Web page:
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GET EDUCATED

Tips for Teens: The Truth About Alcohol

July 12, 2013  |  Falmouth Enterprise

By Dr. Michael Bihari

If you are concerned that your teen is drinking, cut out this article and hang it on the refrigerator or on his bedroom door. If your teen is heading to college in August, send the article along with her. The information in this article is from the Substance Abuse and Mental Health Services Administration, part of the U.S. Department of Health and Human Services.

Learn the Facts

Alcohol affects your brain. Drinking alcohol can lead to a loss of coordination, poor judgment, slowed reflexes, distorted vision, memory lapses, and even blackouts.

Alcohol affects your body. Alcohol can damage every organ in your body. It is absorbed directly into your bloodstream and can increase your risk for a variety of life-threatening diseases, including cancer.

Alcohol affects your self-control. Alcohol depresses your central nervous system, lowers your inhibitions, and impairs your judgment. Drinking can lead to risky behaviors, such as driving when you shouldn’t, or having unprotected or unwanted sex.

Alcohol can kill you. Drinking large amounts of alcohol at one time or very rapidly can cause alcohol poisoning, which can lead to coma or even death. Driving and drinking also can be deadly. 

Alcohol can hurt you--even if you're not the one drinking. If you're around people who are drinking, you have an increased risk of being seriously injured, involved in car crashes, or affected by violence. At the very least, you may have to deal with people who are sick, out of control, or unable to take care of themselves.

Before You Risk It

Know the law. It is illegal to buy or possess alcohol if you are under age 21. One drink can make you fail a breath test. In some States, people under age 21 can lose their driver's license, be subject to a heavy fine, or have their car permanently taken away.

Know the risks.  Alcohol is a drug. Mixing it with any other drug can be extremely dangerous. Alcohol and acetaminophen--a common ingredient in OTC pain and fever reducers (such as Tylenol)--can damage your liver. Alcohol mixed with other drugs can cause nausea, vomiting, fainting, heart problems, and difficulty breathing. Mixing alcohol and drugs also can lead to coma and death.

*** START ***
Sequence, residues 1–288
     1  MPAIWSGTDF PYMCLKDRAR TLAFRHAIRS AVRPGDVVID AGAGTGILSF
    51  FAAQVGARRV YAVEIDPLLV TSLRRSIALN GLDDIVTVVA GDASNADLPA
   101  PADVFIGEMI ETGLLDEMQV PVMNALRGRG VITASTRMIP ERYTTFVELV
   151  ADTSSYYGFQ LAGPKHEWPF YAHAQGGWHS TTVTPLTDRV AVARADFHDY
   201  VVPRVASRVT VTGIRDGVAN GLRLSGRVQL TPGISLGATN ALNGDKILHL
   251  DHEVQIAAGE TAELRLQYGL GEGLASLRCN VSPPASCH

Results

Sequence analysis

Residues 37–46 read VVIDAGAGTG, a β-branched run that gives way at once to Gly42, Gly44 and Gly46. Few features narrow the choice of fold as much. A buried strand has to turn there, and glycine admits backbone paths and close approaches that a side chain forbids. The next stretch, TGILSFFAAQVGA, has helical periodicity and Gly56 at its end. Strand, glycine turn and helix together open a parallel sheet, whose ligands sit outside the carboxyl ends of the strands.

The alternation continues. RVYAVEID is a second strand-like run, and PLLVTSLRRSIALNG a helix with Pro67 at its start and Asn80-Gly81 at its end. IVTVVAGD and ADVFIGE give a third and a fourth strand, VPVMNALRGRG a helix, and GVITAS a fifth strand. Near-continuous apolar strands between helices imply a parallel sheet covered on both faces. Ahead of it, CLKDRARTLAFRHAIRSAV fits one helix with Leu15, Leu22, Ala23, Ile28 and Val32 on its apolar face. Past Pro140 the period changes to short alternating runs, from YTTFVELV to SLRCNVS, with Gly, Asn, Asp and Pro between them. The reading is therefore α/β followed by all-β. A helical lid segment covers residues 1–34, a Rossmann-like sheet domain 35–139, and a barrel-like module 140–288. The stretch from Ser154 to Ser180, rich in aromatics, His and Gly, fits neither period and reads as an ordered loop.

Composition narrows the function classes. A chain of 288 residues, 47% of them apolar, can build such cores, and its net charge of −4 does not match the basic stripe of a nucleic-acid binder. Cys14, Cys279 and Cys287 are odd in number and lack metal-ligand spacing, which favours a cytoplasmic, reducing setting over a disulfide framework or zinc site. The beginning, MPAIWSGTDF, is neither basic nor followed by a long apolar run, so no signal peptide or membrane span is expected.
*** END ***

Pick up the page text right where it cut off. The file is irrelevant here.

Keep your edge. Alcohol is a depressant, or downer, because it reduces brain activity. If you are depressed before you start drinking, alcohol can make you feel worse.

Look around you. Most teens are not drinking alcohol. Research shows that 71 percent of people 12-20 haven't had a drink in the past month.

Questions & Answers

Aren't beer and wine "safer" than liquor? No. One 12-ounce beer has about as much alcohol as a 1.5-ounce shot of liquor, a 5-ounce glass of wine, or a wine cooler.

Why can't teens drink if their parents can? Teens’ brains and bodies are still developing; alcohol use can cause learning problems or lead to adult alcoholism. For example, people who begin drinking before age 15 are four times more likely to develop alcoholism than those who begin after age 20.

How can I say no to alcohol? I'm afraid I won't fit in. It's easier to refuse than you think. Try: "No thanks," "I don't drink," or "I'm not interested." Remember that the majority of teens don't drink alcohol. You're

RECOMMENDED RESOURCES 

The Substance Abuse and Mental Health Services Administration (SAMHSA) is the agency within the U.S. Department of Health and Human Services that leads public health efforts to advance the behavioral health of the nation. SAMHSA's mission is to reduce the impact of substance abuse and mental illness on America's communities and is the federal agency that provided the startup funds for the Falmouth Prevention Partnership.

 


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